The 5-to-4 ruling upholds a ban on 'partial-birth' abortion. In 2000, the court had struck down a similar ban.
In a major ruling dealing with abortion rights in America, the US Supreme Court has upheld a federal law banning certain late-term abortions.
In a 5-to-4 decision announ-ced Wednesday, the high court upheld the Partial-Birth Abortion Ban Act of 2003. The move comes nearly seven years after the Supreme Court declared a similar Nebraska law unconstitutional because it lacked an exception to protect a woman's health.
This time a different lineup of justices upheld a federal version of essentially the same law, even though it does not contain a so-called health exception that would permit the banned abortion procedure when a physician deemed it necessary to safeguard a woman's health.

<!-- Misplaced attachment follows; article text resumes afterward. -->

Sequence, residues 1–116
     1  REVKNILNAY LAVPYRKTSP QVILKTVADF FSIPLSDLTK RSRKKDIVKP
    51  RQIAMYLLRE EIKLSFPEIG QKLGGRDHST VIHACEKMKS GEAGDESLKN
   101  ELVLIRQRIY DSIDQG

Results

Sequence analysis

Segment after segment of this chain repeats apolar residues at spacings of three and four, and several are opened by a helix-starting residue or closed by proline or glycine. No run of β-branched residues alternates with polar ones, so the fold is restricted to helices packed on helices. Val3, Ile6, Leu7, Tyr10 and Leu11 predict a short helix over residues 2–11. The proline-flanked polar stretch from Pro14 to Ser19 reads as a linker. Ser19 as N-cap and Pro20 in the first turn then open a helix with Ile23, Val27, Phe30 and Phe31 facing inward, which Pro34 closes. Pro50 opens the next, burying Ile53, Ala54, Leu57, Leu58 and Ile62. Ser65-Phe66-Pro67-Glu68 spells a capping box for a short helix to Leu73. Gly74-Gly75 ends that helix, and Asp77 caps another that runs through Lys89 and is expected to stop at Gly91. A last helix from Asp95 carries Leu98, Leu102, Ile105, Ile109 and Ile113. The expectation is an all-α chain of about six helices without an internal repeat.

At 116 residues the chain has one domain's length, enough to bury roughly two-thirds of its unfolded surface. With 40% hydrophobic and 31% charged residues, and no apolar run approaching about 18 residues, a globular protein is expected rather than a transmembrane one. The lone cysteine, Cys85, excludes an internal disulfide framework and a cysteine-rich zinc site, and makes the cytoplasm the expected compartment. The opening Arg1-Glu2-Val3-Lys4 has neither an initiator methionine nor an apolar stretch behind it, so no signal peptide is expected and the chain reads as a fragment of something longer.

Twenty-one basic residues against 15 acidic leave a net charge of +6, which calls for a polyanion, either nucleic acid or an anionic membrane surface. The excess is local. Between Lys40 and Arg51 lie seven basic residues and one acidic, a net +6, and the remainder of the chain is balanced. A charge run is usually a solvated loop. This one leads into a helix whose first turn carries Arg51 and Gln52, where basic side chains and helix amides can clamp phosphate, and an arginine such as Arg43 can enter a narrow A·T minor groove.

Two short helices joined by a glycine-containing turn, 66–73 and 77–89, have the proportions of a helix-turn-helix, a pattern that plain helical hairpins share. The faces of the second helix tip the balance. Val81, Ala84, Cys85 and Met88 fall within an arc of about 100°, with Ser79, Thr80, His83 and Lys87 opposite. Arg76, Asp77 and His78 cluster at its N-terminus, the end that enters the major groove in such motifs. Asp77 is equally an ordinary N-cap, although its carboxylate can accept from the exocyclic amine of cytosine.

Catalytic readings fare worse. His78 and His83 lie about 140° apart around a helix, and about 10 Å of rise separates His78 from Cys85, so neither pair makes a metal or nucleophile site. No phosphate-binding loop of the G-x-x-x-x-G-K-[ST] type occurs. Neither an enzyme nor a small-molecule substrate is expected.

The decision marks the first time since the landmark abortion precedent Roe v. Wade in 1973 that the nation's highest court has ruled in a way that places considerations of a woman's health as secondary to efforts by the government to restrict abortion procedures performed prior to fetal viability. That shift could embolden antiabortion forces to try to enact more restrictions at the state level.
Writing for the majority in Wednesday's decision, Justice Anthony Kennedy said the lack of a health exception does not automatically render the statute unconstitutional. "Whether the act creates significant health risks for women has been a contested factual question," he writes. "Both sides have medical support for their position."
Instead of a theoretical "facial" attack on the law, the court said such issues should be resolved in individual cases testing how the partial-birth abortion ban act was being applied to a particular woman.
"In an as-applied challenge the nature of the medical risk can be better quantified and balanced," Justice Kennedy writes.
He noted, "The prohibition in the act would be unconstitutional, under precedents we assume to be controlling, if it subjected women to significant health risks."